Protesters in Sinai hold aloft the Isis flag. (Getty)
Protesters in Sinai hold up the Isis flag Getty

An Isis-linked Egyptian jihadist group has claimed responsibility for an attack on the Egyptian army last month which killed more than 30 in the northern Sinai peninsula.

In a video message, Egypt's Ansar Beit al-Maqdis – Champions of Jerusalem – pledged loyalty to Abu Bakr al-Baghdadi, the leader of Islamic State, reports Haaretz.

It shows footage of a suicide bomber driving into an army post, before armed militants in trucks fire on fleeing soldiers.

In the video, the group declares "this is just the beginning" while describing Egypt's President Abdel-Fattah el-Sissi as "tyrant, and servant of the Jews".

The group was initially formed in 2011, after a popular uprising forced President Hosni Mubarak from office.

After Islamist president Mohammed Morsi was forced from office in a counter-coup by the army and police, the group has expanded its operations, launching suicide bombings on army and police positions in Nile Delta cities including Cairo.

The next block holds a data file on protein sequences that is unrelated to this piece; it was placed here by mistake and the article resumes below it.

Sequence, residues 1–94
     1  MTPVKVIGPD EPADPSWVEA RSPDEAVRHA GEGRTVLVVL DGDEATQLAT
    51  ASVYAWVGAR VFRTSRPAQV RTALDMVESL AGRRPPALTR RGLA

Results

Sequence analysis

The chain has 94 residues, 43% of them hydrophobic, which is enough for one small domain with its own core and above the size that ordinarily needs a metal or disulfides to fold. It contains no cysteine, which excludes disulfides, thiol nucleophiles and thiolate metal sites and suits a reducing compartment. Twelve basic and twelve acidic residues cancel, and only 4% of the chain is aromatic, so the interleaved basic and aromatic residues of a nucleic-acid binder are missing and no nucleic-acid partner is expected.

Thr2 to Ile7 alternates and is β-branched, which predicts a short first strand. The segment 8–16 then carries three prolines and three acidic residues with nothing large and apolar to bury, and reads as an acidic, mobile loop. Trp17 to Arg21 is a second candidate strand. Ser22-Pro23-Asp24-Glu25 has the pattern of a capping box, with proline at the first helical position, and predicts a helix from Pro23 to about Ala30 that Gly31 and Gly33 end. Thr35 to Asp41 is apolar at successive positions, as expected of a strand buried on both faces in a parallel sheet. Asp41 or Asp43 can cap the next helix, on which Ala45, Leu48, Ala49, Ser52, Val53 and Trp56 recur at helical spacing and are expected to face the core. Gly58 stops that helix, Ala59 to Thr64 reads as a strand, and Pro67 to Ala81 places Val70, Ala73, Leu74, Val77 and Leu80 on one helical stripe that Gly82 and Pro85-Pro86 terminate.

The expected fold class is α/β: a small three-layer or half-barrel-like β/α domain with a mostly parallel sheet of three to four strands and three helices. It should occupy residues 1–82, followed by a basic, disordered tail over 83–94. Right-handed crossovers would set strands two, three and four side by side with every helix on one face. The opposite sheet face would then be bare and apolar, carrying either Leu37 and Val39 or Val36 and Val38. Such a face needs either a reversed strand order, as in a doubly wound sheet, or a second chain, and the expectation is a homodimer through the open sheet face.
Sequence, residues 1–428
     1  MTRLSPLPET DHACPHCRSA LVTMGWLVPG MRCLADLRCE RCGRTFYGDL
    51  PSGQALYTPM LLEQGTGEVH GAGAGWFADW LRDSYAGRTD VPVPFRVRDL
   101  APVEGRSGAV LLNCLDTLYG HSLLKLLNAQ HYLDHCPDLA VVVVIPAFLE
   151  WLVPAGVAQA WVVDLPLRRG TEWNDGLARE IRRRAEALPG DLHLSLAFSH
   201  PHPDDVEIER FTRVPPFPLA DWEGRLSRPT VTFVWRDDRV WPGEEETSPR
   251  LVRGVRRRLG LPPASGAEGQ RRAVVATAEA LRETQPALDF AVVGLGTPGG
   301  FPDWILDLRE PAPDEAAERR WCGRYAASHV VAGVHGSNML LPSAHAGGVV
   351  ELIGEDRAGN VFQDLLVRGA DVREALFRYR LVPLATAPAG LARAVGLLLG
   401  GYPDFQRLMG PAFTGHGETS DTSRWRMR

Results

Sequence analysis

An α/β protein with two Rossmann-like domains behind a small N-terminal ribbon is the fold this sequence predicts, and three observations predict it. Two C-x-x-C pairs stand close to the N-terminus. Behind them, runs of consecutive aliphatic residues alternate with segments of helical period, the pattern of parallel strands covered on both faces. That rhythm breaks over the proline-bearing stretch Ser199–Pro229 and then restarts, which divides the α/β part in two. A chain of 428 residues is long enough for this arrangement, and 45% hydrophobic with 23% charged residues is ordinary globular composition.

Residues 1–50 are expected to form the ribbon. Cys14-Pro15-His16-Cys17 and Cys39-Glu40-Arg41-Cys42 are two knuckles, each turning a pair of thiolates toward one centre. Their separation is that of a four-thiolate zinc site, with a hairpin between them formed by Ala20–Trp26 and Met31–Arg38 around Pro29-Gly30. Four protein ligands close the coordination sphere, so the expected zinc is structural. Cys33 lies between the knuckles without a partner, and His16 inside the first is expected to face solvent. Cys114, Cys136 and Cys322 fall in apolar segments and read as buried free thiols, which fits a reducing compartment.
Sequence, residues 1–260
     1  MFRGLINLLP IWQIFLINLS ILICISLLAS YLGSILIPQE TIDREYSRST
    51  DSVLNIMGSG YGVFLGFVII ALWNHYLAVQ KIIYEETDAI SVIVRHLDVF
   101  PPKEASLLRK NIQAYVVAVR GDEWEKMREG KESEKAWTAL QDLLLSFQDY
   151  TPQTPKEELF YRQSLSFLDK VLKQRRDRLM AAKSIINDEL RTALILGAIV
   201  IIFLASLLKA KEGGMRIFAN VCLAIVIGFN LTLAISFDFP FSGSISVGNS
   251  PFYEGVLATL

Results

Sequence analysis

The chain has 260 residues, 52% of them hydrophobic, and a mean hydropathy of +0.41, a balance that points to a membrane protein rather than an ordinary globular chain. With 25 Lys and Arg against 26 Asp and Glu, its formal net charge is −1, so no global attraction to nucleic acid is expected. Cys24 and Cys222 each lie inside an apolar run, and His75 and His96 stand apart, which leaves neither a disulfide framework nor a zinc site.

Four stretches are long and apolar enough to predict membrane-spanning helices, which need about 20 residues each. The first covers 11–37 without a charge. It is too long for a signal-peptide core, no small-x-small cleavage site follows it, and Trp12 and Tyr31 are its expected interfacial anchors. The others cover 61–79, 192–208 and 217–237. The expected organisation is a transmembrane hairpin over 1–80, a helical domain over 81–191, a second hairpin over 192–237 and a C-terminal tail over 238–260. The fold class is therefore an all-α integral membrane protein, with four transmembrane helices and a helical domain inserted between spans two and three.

The attack was the deadliest against the Egyptian army in decades, and prompted authorities to declare a state of emergency across Sinai.

In Iraq, there was a setback for Islamic State, the Iraqi army recaptured the refinery town of Baiji, and broke the siege of a nearby refinery.

It has been hailed as the most important success for Iraqi forces since Islamic State seized swaths of the country in June.

A Kurdish commander said that Isis is overstretched, and is having difficulties supplying its front-line fighters.

Najat Ali, commanding Peshmerga soldiers in the town of Makhmour, 50 miles north of Baiji, said yesterday that, "Islamic Statehas big administrative problems in supplying food and ammunition to its forces in the front line".